6-Month Checkup Urged In Preparation for Winter

6-Month Checkup Urged In Preparation for Winter

Apparatus Maintenance

It is that time of year again for the six-month maintenance inspection and servicing of apparatus before winter arrives. This should be a complete checkup which will require the apparatus to be out of service for approximately one day.

Most fire departments have a check list for inspection and maintenance (see pages 11 and 56 of the book, “Preventive Apparatus Maintenance,” published by Fire Engineering), but such a list becomes incomplete and must be updated each time new apparatus is acquired.

With the adoption of the diesel engine and automatic transmission, to mention only two of the important changes, the number of items scheduled for inspection and servicing, such as listed on page 67 of “Preventive Apparatus Maintenance,” has increased.

Before starting an inspection, be sure the apparatus is clean. Actually, this is essential to permit detection of any cracks, rusting or defects that require correction for operating safety or prevention of an operational breakdown. The sequence of inspection is not important. What is important is a complete and observant inspection, particularly during any servicing.

Oil and filters: Changing engine oil and replacing the filter (or cleaning a wire filter) are usually the first things to do. If the oil has been changed and the filter replaced or cleaned every three months, all you have to do is drain the oil.

But when oil has been used for six months or more, an oil change requires removal of the oil pan to clean out the sludge in the pan and on the crankcase walls.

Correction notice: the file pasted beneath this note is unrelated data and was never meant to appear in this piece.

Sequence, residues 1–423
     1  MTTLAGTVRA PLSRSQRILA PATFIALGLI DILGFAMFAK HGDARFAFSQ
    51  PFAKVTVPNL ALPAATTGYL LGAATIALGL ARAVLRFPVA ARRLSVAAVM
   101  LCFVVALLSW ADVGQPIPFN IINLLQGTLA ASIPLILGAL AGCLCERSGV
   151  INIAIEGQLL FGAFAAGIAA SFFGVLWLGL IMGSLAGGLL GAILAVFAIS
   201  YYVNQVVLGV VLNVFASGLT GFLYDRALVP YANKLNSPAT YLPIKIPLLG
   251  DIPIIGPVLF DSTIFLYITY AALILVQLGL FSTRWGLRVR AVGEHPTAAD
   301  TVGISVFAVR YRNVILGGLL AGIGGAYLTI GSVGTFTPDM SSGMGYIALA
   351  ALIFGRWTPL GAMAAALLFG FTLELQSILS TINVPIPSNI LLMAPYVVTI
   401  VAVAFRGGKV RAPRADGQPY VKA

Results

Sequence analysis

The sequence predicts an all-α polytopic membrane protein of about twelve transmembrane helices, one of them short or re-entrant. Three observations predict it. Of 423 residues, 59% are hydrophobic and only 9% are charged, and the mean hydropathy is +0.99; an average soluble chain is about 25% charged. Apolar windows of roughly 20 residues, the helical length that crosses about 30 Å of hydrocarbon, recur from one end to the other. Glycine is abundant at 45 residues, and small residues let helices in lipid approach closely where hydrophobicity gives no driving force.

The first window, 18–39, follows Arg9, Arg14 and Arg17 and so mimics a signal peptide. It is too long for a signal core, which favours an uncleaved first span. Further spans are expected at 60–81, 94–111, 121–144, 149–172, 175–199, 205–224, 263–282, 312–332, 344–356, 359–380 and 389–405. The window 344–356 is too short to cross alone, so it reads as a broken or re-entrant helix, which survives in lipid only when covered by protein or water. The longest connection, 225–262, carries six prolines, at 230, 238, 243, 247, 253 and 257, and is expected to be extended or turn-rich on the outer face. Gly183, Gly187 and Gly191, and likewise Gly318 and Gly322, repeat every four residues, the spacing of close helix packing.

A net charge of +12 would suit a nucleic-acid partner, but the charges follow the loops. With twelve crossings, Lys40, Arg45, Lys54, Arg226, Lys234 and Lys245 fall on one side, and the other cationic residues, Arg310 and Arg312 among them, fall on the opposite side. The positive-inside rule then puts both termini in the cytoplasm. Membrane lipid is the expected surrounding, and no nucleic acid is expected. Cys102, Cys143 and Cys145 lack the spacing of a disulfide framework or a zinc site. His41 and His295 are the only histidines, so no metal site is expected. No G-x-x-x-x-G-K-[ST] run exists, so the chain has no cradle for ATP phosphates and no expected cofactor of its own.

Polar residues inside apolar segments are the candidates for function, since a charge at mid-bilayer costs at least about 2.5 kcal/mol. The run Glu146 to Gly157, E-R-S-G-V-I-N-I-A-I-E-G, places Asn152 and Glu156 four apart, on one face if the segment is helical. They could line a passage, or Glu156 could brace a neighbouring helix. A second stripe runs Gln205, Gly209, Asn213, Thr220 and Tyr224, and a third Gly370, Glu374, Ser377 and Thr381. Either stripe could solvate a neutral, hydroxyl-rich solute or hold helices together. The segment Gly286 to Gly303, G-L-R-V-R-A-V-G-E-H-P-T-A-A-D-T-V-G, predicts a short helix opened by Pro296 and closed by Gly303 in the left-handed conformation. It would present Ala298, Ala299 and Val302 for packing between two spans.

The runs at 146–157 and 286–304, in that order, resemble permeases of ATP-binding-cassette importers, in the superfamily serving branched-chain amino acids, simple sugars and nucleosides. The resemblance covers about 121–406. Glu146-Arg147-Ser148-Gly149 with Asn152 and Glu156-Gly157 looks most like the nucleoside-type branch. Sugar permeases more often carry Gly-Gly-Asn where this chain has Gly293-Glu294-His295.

If the oil feels gritty or contains metallic particles, the filter is plugged and should be changed more often. Also, metallic particles indicate rapid wear that leads to a premature major overhaul of the engine. If there is evidence of water, a thorough inspection should be made to determine if the leakage is from the cooling system. This would also be indicated if the cooling system level keeps dropping.

Engine oil with the new markings is now coming on the market. The new classifications were explained in this column in the March 1971 issue of Fire Engineering, page 50.

Diesel filters: Two types of filters are usually provided on the diesel engines. A full-flow filter (strainer) which filters out particles larger than 30 microns (0.0012 inch) to 40 microns (0.0016 inch), depending on the manufacturer of the engine, and a bypass filter which filters out particles larger than 5 microns (0.0002 inch) to 10 microns (0.0004 inch). The bypass filter may be a single or dual element type. However, all bypass filter elements are the throw-away type.

Diesel engines with turbochargers also have a filter that must be changed at each oil change. This is very important. The turbocharger is lubricated under pressure as part of the engine lubricating system. Turbochargers operate at speeds to 48,000 rpm at an engine speed of approximately 2100 rpm, indicating that correct lubrication is essential. When changing the replaceable element filter, be sure the shell is filled with clean oil before the filter and shell are reassembled.

When servicing a turbocharger, check for air leaks indicated by an accumulation of dust at the turbocharger air inlet. A dirty air cleaner element can create such a restriction in the air inlet that vacuum in the air cleaner to turbocharger line can cause a leak at one of the air connections. Dirt entering a turbocharger will damage the turbocharger and the engine. Make sure all air connections to and from the turbocharger are air-tight.